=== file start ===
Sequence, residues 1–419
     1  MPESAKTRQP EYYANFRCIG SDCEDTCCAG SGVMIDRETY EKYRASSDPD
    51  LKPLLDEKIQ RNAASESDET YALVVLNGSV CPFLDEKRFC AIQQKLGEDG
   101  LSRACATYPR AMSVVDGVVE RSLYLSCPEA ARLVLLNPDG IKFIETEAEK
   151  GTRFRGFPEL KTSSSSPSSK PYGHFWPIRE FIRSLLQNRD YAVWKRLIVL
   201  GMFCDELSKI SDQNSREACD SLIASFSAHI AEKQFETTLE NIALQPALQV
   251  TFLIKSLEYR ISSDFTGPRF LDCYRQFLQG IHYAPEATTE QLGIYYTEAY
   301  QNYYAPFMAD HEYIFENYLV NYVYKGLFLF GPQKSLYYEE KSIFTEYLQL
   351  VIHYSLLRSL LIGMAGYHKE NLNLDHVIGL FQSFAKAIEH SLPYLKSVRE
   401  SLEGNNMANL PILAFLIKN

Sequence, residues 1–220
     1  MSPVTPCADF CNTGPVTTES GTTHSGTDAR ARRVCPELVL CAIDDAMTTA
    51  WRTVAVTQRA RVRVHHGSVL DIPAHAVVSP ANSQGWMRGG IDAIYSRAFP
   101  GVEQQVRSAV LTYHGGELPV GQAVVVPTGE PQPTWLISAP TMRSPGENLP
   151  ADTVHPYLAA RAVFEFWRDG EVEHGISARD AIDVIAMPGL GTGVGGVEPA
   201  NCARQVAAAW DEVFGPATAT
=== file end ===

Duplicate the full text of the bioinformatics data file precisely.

Sequence, residues 1–419
     1  MPESAKTRQP EYYANFRCIG SDCEDTCCAG SGVMIDRETY EKYRASSDPD
    51  LKPLLDEKIQ RNAASESDET YALVVLNGSV CPFLDEKRFC AIQQKLGEDG
   101  LSRACATYPR AMSVVDGVVE RSLYLSCPEA ARLVLLNPDG IKFIETEAEK
   151  GTRFRGFPEL KTSSSSPSSK PYGHFWPIRE FIRSLLQNRD YAVWKRLIVL
   201  GMFCDELSKI SDQNSREACD SLIASFSAHI AEKQFETTLE NIALQPALQV
   251  TFLIKSLEYR ISSDFTGPRF LDCYRQFLQG IHYAPEATTE QLGIYYTEAY
   301  QNYYAPFMAD HEYIFENYLV NYVYKGLFLF GPQKSLYYEE KSIFTEYLQL
   351  VIHYSLLRSL LIGMAGYHKE NLNLDHVIGL FQSFAKAIEH SLPYLKSVRE
   401  SLEGNNMANL PILAFLIKN

Sequence, residues 1–220
     1  MSPVTPCADF CNTGPVTTES GTTHSGTDAR ARRVCPELVL CAIDDAMTTA
    51  WRTVAVTQRA RVRVHHGSVL DIPAHAVVSP ANSQGWMRGG IDAIYSRAFP
   101  GVEQQVRSAV LTYHGGELPV GQAVVVPTGE PQPTWLISAP TMRSPGENLP
   151  ADTVHPYLAA RAVFEFWRDG EVEHGISARD AIDVIAMPGL GTGVGGVEPA
   201  NCARQVAAAW DEVFGPATAT